Thursday, May 3 at 7 PM
Prior Lake Library
16210 Eagle Creek Ave SE, Prior Lake
Patricia Hampl is one of those rare authors who holds perennial appeal with general audiences, but is also beloved by writers everywhere: “lyric, cerebral, and a boon companion at any stage of the writing journey” (Ploughshares). In her debut memoir and travelogue, A Romantic Education (1981), Hampl explores her Czech heritage. Her equally poignant follow-up, Virgin Time (1992), turns the spotlight to her Roman Catholic upbringing and the author’s quest for spiritual fulfillment beyond religious dogma. The Florist’s Daughter (2007) focuses on “the relentlessly modest life” of her hard-working parents. Hampl, a three-time Minnesota Book Award winner and professor at the University of Minnesota, is back in 2018 with The Art of a Wasted Day. Like her other masterworks, The Art of a Wasted Day is difficult to pigeonhole as simple memoir. It is part travelogue, and part spirited defense of leisure time in the face of our ever-more busy and stressful modern lifestyle. It debuts in April.
Monday, May 7 at 7 PM
Roseville Public Library
2180 Hamline Avenue N, Roseville
Emily Fridlund’s opus History of Wolves straddles the line between thriller and coming-of-age novel. Fridlund’s teenage protagonist, Linda, is an outsider in her close-knit Northwoods community. She finally finds a sense of belonging babysitting for the eccentric Gardner family, but the role comes with expectations and secrets she is ill equipped to handle. History of Wolves shortlisted Fridlund for the 2017 Man Booker Prize. Before and after its release, the book won a host of other honors besides: it is a #1 Indie Next Pick, Barnes & Noble Discovers Great New Writers Selection, New York Times Editors Choice, and a USA Today Notable Book. National Public Radio notes: “Fridlund does a remarkable job transcending genres without sacrificing the suspense that builds steadily in the book… It is as beautiful and as icy as the Minnesota woods where it’s set, and with her first book, Fridlund has already proven herself to be a singular talent.”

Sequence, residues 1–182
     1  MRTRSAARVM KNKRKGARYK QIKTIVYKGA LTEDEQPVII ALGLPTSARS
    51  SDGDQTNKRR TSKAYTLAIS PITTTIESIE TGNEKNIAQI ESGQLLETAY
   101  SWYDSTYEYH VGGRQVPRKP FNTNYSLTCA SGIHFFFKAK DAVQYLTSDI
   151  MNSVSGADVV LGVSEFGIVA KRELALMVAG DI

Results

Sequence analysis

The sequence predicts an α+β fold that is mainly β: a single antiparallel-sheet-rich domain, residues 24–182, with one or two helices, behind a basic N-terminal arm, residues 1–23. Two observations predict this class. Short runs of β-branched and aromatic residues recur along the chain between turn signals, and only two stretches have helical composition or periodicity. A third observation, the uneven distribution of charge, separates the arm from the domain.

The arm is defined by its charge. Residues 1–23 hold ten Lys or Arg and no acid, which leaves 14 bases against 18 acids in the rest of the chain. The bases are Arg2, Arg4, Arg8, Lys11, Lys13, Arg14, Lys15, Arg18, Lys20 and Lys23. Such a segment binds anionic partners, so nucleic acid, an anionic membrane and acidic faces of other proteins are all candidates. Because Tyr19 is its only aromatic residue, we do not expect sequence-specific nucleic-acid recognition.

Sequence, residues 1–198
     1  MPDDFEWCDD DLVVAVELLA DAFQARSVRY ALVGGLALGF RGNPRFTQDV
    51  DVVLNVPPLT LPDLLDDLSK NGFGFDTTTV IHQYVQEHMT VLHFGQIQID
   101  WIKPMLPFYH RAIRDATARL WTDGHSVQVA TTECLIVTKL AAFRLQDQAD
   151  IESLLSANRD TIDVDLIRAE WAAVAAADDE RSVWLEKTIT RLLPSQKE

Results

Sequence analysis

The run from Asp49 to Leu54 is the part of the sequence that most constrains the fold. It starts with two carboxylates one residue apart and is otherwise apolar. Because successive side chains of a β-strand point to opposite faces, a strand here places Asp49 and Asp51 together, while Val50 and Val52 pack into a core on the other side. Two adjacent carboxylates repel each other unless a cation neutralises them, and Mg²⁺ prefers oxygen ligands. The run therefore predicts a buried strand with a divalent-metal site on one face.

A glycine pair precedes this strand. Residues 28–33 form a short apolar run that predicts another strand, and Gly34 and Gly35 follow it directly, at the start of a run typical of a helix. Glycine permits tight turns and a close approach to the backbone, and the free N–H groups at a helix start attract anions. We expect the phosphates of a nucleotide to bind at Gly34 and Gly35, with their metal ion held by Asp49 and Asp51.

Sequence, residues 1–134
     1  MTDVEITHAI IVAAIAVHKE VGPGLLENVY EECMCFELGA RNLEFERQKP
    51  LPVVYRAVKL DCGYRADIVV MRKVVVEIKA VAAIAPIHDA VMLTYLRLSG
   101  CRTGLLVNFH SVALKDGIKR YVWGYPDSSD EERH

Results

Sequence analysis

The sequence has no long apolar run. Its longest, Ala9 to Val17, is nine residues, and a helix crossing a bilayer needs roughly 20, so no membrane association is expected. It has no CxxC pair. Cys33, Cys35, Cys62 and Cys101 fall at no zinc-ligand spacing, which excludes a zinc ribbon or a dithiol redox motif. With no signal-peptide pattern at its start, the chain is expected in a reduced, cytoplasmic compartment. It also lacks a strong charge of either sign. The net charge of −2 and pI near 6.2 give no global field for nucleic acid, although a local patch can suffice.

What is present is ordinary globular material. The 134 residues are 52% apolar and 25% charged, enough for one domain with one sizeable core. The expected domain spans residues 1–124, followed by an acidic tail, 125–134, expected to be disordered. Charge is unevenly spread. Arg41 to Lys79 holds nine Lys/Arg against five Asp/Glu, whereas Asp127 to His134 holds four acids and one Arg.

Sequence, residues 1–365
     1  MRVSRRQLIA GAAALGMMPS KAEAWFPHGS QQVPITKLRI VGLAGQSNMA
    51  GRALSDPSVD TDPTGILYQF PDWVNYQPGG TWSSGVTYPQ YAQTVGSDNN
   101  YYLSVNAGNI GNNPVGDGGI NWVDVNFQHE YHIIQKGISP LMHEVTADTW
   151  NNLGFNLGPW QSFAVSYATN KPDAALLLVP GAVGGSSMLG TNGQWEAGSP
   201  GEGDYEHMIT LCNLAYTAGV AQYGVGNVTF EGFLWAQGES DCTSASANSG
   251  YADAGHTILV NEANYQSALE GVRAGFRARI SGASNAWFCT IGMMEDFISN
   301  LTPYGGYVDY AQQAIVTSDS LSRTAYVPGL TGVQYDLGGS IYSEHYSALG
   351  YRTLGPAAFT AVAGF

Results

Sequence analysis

Wednesday, May 9 at 7 PM
Brooklyn Park Library
8500 W Broadway Avenue, Brooklyn Park
Samantha Irby is a comedienne and memoirist, and a decidedly unique voice in contemporary African American literature. Her fresh, honest brand of humor first came to the attention of readers through her immensely popular blog Bitches Gotta Eat. Irby’s bestselling essay collection, Meaty (2013), adapts and expands her most popular blog entries – and adds some new ones, to boot. Topics truly run the gamut, from personal reflections on the author’s failed relationships and on being black in America, to a ribald take on her struggles with Crohn’s disease, to an ode to tacos. Cable network FX recently optioned Meaty for a half-hour comedy series. Irby’s follow-up, the New York Times– bestselling We Are Never Meeting In Real Life (2017), continues in that tradition. Twenty new, sidesplitting essays – including “The Real Housewife of Kalamazoo” and “I’m in Love and It’s Boring” – reaffirm Irby’s deserved reputation as a “breathtakingly honest and, best of all, imminently relatable humorist” (Chicago Tribune).